Tennessee-Tombigbee Waterway


The Tenn-Tom Waterway is an outdoor enthusiasts' paradise. From picnicking to fishing to camping, the Tenn-Tom has it all. The river section of the waterway stretches from Demopolis, Alabama north to Amory, Mississippi and encompasses 149 miles and four locks and dams. The Canal Section of the Tennessee Tombigbee Waterway stretches North from Amory, Mississippi to Jamie L. Whitten Lock and Dam near Dennis, Mississippi. Forty-six miles in length, it has a total of five locks and dams. The Divide Section of the Tennessee Tombigbee Waterway begins at Jamie L. Whitten Lock and Dam and runs North for 39 miles to Yellow Creek on Pickwick Lake near the Tennessee border.


Waterway Management Center (Columbus): From US 82, Exit at US45/Plymouth Bluff Access Road Exit and go North. Go Left on Old West Point Road 1 mi to right on Right Bank Access Road to right on West Plymouth Road. Phone: (662)327-2142 Tom Bevill Visitor Center: From Pickensville, AL, Highway 14, S 1 mi to Tom Bevill Visitor Center. Phone: (205)373-8705. Jamie L. Whitten Historic Center: From Fulton, MS exit North from 178 onto N. Cummings Street to John Rankin Highway. The center is on the left, 100 Campground Road, Fulton, MS Phone: (662) 862-5414 Bay Springs Resource Office: From Dennis, MS, Highway 4, W 5 mi to Bay Springs Visitor Center. 82 Bay Springs Resource Rd., Dennis, MS. Phone: (662) 454-3481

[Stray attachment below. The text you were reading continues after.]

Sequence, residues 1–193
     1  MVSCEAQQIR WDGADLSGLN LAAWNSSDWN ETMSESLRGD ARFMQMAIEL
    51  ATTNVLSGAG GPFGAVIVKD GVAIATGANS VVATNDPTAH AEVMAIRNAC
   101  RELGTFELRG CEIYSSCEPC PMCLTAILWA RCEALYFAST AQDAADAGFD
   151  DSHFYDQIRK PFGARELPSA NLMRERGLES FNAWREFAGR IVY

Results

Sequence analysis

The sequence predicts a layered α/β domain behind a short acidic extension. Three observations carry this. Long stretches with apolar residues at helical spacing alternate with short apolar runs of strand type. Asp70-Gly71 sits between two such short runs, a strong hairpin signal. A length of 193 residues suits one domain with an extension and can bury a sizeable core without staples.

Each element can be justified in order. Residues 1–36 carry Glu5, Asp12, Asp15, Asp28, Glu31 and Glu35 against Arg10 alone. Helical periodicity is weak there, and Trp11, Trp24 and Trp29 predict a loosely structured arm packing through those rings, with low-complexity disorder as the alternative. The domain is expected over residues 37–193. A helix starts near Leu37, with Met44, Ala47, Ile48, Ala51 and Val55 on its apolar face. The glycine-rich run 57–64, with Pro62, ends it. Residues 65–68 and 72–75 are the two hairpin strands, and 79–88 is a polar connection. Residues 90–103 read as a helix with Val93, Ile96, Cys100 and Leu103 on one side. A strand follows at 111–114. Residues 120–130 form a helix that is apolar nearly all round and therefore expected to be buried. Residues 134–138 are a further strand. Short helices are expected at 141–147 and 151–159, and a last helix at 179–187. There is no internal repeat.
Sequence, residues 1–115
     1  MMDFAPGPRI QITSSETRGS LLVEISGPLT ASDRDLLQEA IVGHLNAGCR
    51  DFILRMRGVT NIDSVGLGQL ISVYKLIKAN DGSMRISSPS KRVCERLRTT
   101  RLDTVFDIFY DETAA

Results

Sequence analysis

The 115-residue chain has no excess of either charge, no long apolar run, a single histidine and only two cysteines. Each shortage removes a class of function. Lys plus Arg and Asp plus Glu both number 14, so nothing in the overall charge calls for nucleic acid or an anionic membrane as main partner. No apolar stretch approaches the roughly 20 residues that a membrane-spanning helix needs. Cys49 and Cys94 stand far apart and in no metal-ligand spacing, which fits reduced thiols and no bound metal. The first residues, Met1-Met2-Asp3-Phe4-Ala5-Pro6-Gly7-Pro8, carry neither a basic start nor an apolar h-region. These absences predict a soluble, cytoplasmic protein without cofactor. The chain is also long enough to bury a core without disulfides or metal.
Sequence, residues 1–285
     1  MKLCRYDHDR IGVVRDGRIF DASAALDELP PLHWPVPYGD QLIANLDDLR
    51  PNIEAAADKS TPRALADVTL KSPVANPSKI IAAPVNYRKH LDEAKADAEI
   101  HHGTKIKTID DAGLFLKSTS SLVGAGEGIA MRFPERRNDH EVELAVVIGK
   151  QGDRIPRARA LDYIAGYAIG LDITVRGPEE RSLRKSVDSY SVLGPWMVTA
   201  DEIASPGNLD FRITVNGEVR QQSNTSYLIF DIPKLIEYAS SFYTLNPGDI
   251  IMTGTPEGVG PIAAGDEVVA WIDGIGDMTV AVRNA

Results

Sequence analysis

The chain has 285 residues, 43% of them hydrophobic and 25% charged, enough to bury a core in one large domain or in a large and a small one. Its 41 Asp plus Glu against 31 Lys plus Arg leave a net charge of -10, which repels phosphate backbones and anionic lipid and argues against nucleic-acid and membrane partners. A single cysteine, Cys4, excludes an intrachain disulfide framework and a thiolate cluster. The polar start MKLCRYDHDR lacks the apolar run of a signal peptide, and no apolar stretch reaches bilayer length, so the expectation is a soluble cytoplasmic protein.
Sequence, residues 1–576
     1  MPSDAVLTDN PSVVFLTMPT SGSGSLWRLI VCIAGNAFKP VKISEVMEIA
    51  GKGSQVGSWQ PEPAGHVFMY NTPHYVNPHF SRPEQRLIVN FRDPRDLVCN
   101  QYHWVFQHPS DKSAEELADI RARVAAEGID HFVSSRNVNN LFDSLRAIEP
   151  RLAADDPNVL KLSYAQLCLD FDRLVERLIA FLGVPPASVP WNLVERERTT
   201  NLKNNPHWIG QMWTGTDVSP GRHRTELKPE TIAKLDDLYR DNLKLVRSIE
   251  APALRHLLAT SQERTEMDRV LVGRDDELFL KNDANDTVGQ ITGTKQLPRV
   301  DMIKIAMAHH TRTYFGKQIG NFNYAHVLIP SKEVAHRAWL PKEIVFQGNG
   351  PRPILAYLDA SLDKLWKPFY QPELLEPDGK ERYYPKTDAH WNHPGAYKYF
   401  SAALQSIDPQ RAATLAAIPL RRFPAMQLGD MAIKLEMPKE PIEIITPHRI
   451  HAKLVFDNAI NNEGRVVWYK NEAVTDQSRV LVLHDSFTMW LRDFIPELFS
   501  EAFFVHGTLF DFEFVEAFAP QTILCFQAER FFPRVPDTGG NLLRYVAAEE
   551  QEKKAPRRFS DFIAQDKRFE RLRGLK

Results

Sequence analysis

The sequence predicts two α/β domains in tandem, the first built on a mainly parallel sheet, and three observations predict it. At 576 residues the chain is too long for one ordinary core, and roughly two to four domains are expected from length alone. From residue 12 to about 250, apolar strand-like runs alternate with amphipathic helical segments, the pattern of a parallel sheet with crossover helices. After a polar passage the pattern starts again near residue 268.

(662) 327-2142



3606 West Plymouth Rd. Columbus, MS 39701-9504


Biking Boating Historic & Cultural Site Camping Fishing Hiking Picnicking Visitor Center Water Sports Wildlife Viewing Playground Park Specialized Sport Site Other Recreation Concession Site Hotel/lodge/resort Privately Owned


USACE - US Army Corps of Engineers

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Featured Park
Rising above a scene rich with extraordinary wildlife, pristine lakes, and alpine terrain, the Teton Range stands monument to the people who fought to protect it. These are mountains of the imagination. Mountains that led to the creation of Grand Teton National Park where you can explore over two hundred miles of trails, float the Snake River or enjoy the serenity of this remarkable place.
Featured Wildlife
The pika is a close relative of the rabbits and hares, with two upper incisors on each side of the jaw, one behind the other. Being rock-gray in color, pikas are seldom seen until their shrill, metallic call reveals their presence.
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